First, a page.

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Abortive Myogenesis In Denervated Skeletal Muscle: Differentiative Properties Of Satellite Cells, Their Migration, And Block Of Terminal Differentiation
Published 2004 · Medicine, Biology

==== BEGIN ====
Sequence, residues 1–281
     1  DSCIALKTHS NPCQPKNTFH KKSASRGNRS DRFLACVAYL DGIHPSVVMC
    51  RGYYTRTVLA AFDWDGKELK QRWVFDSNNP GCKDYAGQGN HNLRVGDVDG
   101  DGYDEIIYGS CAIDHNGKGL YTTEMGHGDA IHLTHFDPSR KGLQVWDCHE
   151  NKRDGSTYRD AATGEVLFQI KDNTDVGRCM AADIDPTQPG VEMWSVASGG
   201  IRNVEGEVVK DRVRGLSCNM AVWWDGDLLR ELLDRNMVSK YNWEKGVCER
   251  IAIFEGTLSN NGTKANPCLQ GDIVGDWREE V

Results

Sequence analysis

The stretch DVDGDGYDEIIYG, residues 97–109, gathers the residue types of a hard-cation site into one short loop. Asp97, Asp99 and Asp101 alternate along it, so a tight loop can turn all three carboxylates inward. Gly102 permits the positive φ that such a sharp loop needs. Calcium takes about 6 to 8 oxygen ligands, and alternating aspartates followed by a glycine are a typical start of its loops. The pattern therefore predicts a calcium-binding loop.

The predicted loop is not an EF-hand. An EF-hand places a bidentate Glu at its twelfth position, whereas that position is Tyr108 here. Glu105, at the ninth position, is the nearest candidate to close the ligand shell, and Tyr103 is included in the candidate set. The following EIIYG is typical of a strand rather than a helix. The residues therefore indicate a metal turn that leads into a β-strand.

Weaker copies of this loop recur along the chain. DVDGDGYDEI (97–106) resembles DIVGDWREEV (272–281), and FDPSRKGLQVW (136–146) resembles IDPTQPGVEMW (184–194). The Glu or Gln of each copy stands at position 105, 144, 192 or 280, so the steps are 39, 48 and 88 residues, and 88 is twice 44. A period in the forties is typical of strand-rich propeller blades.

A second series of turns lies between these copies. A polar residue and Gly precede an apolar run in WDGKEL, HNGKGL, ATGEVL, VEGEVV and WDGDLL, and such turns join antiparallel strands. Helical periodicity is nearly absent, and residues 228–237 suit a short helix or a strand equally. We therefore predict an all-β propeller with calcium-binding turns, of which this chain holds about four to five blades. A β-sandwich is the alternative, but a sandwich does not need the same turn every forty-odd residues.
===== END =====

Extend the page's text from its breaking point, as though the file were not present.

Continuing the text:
Little is known about the biological properties of myogenic satellite cells during postdenervation muscle atrophy. The present study investigated the differentiative capacity of satellite cells and their involvement in the compensatory regenerative process in long-term denervated rat muscle. Electron microscopy and immunocytochemical labeling of muscle tissue 1–18 months following denervation demonstrated that despite activation of satellite cells, myogenesis in denervated muscle is abortive and does not lead to the formation of normal muscle fibers. Small sizes, poor development of the contractile system in newly formed denervated myotubes, and the absence of satellite cells on the surface indicate that their differentiation typically does not progress to terminal stages. Many immature myotubes degenerate, and others survive but are embedded in a collagen lattice near their parent fibers. Interestingly, newly formed myotubes located on the surface of parent muscle fibers beneath the basal lamina typically did not contain developed myofibrils. This suggests that the contacts of daughter and parent muscle fibers block myofibrillogenesis. Assembly of sarcomeres in most cases occurs following complete spatial separation of daughter and parent muscle fibers. Another manifestation of the involvement of myogenic precursors in abortive myogenesis is the formation of clusters of underdeveloped branching myotubes surrounded by a common basal lamina. We found that myoblasts can also fuse directly with differentiated muscle fibers. The presence of satellite cells near the openings in the basal lamina and in the interstitial space indicates that myogenic precursors can migrate through the basal lamina and form myotubes at a distance from parent fibers. Our data may explain why long-term denervated skeletal muscle has a poor capacity for regeneration and functional restoration.